FRANKFORT, Ky. (Legal Newsline) - Prominent plaintiffs lawyer Stanley Chesley, who is facing possible disbarment, has asked the Kentucky Supreme Court to consider delaying the process.
According to the Louisville Courier-Journal, Chesley's lawyers filed a motion Friday with the state's high court.
In it, his lawyers say his disbarment shouldn't be considered until they can find out why the Kentucky Bar Association's chief disciplinary lawyer, Linda Gosnell, was fired last month, the newspaper reported.
Chesley has maintained he was not co-counsel for the plaintiffs in a controversial class action lawsuit over the diet drug fen-phen. He also has said he was not aware that other attorneys were deceiving their clients. He contends he was simply brought in to negotiate the 2001 settlement.
The bar association's Board of Governors recommended his disbarment in June. The board also has recommended that the Cincinnati trial lawyer, known for winning billions of dollars for his clients in other mass torts, should return $7.5 million in fees he received in the settlement.
If Chesley is disbarred in Kentucky, it could mean disbarment in his home state of Ohio as well. The two states have a reciprocal agreement.
According to the Supreme Court's case information, the KBA filed a motion for permission to substitute deputy bar counsel Jane H. Herrick in place of Gosnell as counsel of record Nov. 30.
The Court granted the KBA's motion to substitute Monday.
Chesley's lawyers argue that Gosnell's firing has resulted in the "understandable inference" that she may have been fired for misconduct, the Courier-Journal reported.
The KBA refuses to say why Gosnell was terminated.
The Court already has disbarred four attorneys who worked on the settlement with American Home Products, the manufacturer of the fen-phen drug. The others included Lexington-area lawyers Shirley Cunningham, William Gallion and Melbourne Mills Jr.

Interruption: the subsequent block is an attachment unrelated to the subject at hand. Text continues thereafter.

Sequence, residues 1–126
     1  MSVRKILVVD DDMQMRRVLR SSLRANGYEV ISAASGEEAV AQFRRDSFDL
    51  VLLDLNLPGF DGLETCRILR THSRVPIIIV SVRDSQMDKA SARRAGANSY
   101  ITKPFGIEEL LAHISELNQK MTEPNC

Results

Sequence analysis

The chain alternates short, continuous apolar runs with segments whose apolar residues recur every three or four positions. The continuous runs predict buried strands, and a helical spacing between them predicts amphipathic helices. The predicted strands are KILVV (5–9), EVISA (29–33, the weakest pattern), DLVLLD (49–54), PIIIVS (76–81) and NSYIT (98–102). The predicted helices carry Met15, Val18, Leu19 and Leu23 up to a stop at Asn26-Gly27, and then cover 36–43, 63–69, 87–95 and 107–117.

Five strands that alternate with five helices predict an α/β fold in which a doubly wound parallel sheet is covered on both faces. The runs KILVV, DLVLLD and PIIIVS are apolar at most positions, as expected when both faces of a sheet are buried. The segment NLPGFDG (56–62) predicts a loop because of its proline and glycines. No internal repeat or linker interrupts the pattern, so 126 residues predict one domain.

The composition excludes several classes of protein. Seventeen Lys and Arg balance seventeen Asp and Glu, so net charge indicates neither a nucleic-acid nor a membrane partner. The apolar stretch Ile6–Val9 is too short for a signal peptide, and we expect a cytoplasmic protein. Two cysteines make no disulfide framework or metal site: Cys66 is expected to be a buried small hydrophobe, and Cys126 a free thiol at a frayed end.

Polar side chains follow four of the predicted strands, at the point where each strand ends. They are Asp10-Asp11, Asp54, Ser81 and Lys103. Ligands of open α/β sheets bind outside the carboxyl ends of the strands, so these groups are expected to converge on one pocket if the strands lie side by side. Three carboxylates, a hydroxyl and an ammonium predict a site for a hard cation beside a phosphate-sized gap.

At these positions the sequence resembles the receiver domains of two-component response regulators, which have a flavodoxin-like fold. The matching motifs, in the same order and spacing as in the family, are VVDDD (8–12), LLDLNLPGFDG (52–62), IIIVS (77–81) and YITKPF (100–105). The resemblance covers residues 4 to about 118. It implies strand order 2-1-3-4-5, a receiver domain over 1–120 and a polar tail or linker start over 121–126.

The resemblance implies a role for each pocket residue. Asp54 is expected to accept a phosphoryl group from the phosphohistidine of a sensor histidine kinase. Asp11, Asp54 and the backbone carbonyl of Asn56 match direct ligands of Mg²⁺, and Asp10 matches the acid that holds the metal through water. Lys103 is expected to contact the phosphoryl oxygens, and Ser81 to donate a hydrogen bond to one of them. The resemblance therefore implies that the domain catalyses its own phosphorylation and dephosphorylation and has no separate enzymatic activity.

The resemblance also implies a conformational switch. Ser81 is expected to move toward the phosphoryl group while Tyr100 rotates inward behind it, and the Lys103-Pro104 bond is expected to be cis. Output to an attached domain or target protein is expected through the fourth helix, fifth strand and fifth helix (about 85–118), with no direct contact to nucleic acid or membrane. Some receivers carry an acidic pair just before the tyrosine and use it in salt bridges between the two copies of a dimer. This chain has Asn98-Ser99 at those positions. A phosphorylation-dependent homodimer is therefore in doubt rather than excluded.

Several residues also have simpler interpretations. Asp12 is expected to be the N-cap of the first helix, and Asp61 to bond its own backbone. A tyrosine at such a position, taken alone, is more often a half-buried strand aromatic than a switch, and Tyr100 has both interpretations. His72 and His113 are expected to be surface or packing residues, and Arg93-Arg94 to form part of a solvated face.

The lawyers received roughly 50 percent of the $200 million settlement. Their 431 clients received the rest. Chesley, himself, collected a $20.5 million fee for negotiating the settlement.
The clients later sued the lawyers for allegedly breaching their duties by diverting most of the settlement money to themselves.
In 2009, Cunningham and Gallion were sentenced to 20 years in federal prison for their roles in stealing the settlement money. Mills was acquitted of all charges. All three have lost their law licenses.
Most recently, the Court disbarred David Helmers, who was a relatively new associate at the law firm Gallion, Baker and Bray at the time of the settlement.
The Court, while it was sympathetic to that fact, determined Helmers committed "serious ethical violations."
In October, the Court also permanently disbarred Joseph F. Bamberger, a senior status special judge who approved the settlement, calling his ethical violations "highly egregious."
"Respondent's conduct shocks the Court's conscience," Chief Justice John D. Minton wrote.
It was revealed that Bamberger, who had resigned, was paid $5,000 a month as a director of a phony charitable entity, The Kentucky Fund for Healthy Living, which was funded by the settlement and allegedly directed by the lawyers.
From Legal Newsline: Reach Jessica Karmasek by email at firstname.lastname@example.org.